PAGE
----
The heir of Ba Gua Zhang, Wang Zhuang Fei, studied martial arts since his childhood. Being very talented in fighting, he reached an unrivaled level: with a stroke of his palm he was able to throw away his opponents and none of them could ever come close to him.
When he was fifteen his father-in-law Diao Yu Ting introduced him to the 3rd generation master Gong BaoTian, famous as a former chief of the Forbidden City’s Imperial Guards. Wang moved into his house for ten years, and, eating and sleeping in the same room with his master Gong, gained a profound understanding of his style.
From the time of his acquaintance with Gong Bao, his skill was unmatched.
In order to further improve his technique, Wang sought out new opponents, going so far as to publish an announcement in the Zhi Bo journal challenging the greatest martial artists to test themselves against him, with the offer of a substantial reward. To his deep regret, he never met anyone to match his level of expertise.
Wang, who was never afraid of wrongdoers, defeated a famous traitor during the 2° world war using the Bai Yuan Xian Tiao technique, provoking a great collective sigh of relief from all Chinese people oppressed by foreign domination.
In his youth, the proud and valiant Wang Zhuang Fei fought courageously a gang of thirty longshoremen, some of whom were very well practiced in martial arts, although many of them where flung into the sea.
Amongst the defeated was Zhu De Fu, famous for his victory over a Russian champion; after this episode Zhu humbly begged to become Wang’s student.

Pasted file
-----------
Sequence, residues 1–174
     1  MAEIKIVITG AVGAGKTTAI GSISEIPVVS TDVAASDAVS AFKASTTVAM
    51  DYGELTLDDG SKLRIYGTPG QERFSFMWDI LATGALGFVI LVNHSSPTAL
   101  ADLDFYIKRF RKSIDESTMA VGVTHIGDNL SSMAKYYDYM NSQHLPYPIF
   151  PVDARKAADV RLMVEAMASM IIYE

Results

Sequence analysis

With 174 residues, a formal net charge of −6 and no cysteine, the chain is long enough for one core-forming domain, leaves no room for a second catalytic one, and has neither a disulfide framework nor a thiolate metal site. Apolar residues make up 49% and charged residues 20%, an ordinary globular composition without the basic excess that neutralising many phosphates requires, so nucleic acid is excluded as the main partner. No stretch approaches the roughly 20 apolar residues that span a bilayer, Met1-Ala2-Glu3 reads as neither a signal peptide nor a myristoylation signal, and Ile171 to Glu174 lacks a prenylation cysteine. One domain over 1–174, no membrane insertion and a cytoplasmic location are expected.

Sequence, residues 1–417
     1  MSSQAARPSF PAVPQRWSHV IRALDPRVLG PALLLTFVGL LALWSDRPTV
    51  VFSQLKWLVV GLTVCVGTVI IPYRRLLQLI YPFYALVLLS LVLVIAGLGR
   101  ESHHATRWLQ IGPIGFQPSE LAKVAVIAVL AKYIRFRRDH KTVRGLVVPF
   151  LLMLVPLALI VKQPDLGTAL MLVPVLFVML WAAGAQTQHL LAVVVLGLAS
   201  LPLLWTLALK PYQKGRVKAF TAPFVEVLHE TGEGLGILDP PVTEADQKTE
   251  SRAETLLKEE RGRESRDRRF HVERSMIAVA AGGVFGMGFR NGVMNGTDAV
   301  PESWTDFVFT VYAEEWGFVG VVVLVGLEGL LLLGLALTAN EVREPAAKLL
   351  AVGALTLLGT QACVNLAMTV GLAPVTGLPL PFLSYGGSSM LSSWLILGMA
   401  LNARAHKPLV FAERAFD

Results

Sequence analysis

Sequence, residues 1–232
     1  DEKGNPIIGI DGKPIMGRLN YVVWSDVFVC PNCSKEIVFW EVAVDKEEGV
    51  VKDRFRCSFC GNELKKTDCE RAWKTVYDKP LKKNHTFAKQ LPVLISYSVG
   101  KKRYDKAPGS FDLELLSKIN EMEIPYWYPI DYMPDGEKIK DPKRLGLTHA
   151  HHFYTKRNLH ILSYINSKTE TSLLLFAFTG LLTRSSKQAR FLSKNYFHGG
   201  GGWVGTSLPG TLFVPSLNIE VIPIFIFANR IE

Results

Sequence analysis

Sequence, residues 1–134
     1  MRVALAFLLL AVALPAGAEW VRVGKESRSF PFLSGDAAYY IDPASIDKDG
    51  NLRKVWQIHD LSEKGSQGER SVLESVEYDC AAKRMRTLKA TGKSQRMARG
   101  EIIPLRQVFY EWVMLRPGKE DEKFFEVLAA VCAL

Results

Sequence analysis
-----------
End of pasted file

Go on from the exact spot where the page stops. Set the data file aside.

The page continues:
This is just one of numerous stories about this great Bagua Zhang master. In short, Wang devoted himself body and soul to the martial arts and, despite countless bouts, he never knew the bitter taste of defeat.
With the aim of spreading the great style of combat to which he was heir, he taught martial arts both to special armed forces and to the eastern fleet of the Chinese Navy, in his capacity as the highest authority of Bagua Zhang. Subsequently Wang Zhuang Fei was given an honorary post in the department of history and culture of Shanghai’s town council, the first time that a martial artist had been welcomed in that department.
Wang Zhuang Fei’s contribution to the spread of baguazhang was enormous. At the age of eighty he was invited to the demonstration of the world’s greatest martial arts in Singapore where his much anticipated fighting display was universally acclaimed.
As a mark of esteem, he was honoured with a banner bearing the legend: “the Divine Gong Fu surpasses the world” and “the Guiding Star in the firmament of martial arts”.